0.92% Q4 GDP Growth?

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The ADP private sector jobs report was a mixed bag. On the negative side, the September report was revised from showing 135,000 jobs created to 93,000. We know the initial BLS reading was 114,000, but that’s subject to a revision. As for now, the ADP report went from optimistic to pessimistic. The October report showed 125,000 jobs created which met estimates. The consensus is for 90,000 private sector jobs created in the October NFP report, making this ADP total solid.

The main weak point of the ADP report was very small business job creation. While firms with 1-49 employees added 17,000 workers, very small firms with 1-19 workers lost 12,000 jobs. You can see from the chart below, the decline in very small business yearly job growth fell to just 8 basis points. That’s the weakest reading since February 2011.

This was the 5th decline in very small business jobs in 6 months. Before May 2019, there were 32 straight months of job creation. There was only 1 other decline in 64 months. The latest weakness is in line with the decline in corporate profit margins, but not with the relatively positive NFIB small business confidence index.

In the ADP report, midsized firms added 64,000 jobs and large firms added 44,000 jobs. According to the Atlanta Fed, for the unemployment rate to stay the same and keep up with population growth, there needs to be 109,000 jobs added per month. The ADP report beat that threshold and the NFP report is expected to miss it. The goods producing sector lost 13,000 jobs and the service providing sector added 138,000 jobs. The manufacturing sector losing 4,000 jobs makes sense because manufacturing is in a slowdown. Once again, education and healthcare added the most jobs at 41,000. Professional and business was relatively weak as it only added 18,000 jobs.

Fed Cuts Rates As Expected

The Fed cut rates for the 3rd straight time in October, but guided for no more cuts in the intermediate term. Powell stated, the current Fed funds rate will stay the same as long as “the outlook remains broadly in keeping with our expectations.” He also said monetary policy is “in a good place.” Since the market was already expecting the Fed to not cut rates in December, this wasn’t a shock. Stocks rallied during Powell’s presser which is a rarity.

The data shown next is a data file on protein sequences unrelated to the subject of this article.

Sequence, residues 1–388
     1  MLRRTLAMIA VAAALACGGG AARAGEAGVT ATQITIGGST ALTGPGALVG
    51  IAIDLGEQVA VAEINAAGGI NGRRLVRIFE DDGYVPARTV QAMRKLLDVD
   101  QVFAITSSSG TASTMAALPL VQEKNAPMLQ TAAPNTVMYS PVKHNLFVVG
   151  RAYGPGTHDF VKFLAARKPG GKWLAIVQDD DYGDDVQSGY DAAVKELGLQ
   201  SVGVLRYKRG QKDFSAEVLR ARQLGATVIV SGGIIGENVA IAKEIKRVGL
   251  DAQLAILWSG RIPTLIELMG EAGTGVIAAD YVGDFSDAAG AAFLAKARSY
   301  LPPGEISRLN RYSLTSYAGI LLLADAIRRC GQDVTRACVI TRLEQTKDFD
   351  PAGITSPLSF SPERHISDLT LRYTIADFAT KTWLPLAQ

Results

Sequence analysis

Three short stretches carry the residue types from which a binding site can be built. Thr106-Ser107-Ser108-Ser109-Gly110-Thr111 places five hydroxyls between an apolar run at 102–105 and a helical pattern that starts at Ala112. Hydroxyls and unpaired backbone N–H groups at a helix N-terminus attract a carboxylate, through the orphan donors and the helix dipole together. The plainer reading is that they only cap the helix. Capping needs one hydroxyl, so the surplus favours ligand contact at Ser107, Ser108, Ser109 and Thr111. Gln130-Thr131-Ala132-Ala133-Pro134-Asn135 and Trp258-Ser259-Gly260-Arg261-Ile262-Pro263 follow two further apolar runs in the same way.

The image below shows the changes to the October Fed statement. The key change was going from saying the Fed will, “act appropriate to sustain the expansion” to stating “The Committee will continue to monitor the implications of incoming information for the economic outlook as it assesses the appropriate path of the target range for the federal funds rate.” That’s a hawkish move as the Fed plans to pause rate cuts.

There is an 18.5% chance of a cut in December and only a 60.9% chance of a cut by November 2020. The cuts might be done for a while. In the eyes of the market, by pausing rate cuts, the Fed has successfully executed the much maligned “mid-cycle adjustment.” While cuts matter more when they are closer to the zero bound because the Fed has less room to deal with a recession, any number of cuts that doesn’t lead to a recession is a mid-cycle adjustment. The last 2 mid-cycle adjustments were three 25 basis point cuts in 1995-1996 and 1998. As more data comes in, we will see if this is wishful thinking by the market.

The Fed got the market to accept the pause; now it needs the economy to improve. Powell stated, “the baseline outlook remains favorable” for the economy. It’s interesting because the economy is still in a slowdown. Nothing changed to make the Fed pause rate cuts. On the other hand, why go near the zero bound with low risk of a recession and phase 1 of the trade deal with China near completion? As you can see from the chart below, based on 29 macro and market factors, there is an 11% chance of a recession.

GDP Growth Not As Bad As Feared

Yearly real GDP growth was 2% and quarterly annualized growth was 1.9%. That beat the consensus of 1.7% and fell from 2% in Q2. The NY Fed Nowcast of 1.91% was right on. The Atlanta Fed was at 1.7%. The price index was up 1.7% which fell from 2.4% and missed the consensus of 1.8%. Inflation is relatively low because of the slowdown.

The two biggest stories of the GDP report are shown in the chart below.

Real consumption growth fell from 4.6% to 2.9%, but beat estimates for 2.6%. The consumer was a strong point as it helped GDP by 1.93%. Without the consumer, there would be no growth. Durables spending growth was 7.6% which was down from 13% growth, but still strong. Non-residential fixed investment growth was -3%. As you can see, it had a small negative impact of -0.4% on GDP growth because it’s 14.3% of real GDP, while the consumer is 69.8%. Spending on equipment fell 3.8% and spending on structures fell 15.3% which was mostly oil driven.

The table below shows all the contributing factors to this GDP report.

Residential investment growth was 5.1%. This helped GDP 18 basis points. That was its first positive impact since Q4 2017. Government spending was up 2% and helped GDP growth by 0.35%. Inventories and net exports had small impacts on this report as they hurt growth by 5 and 8 basis points.






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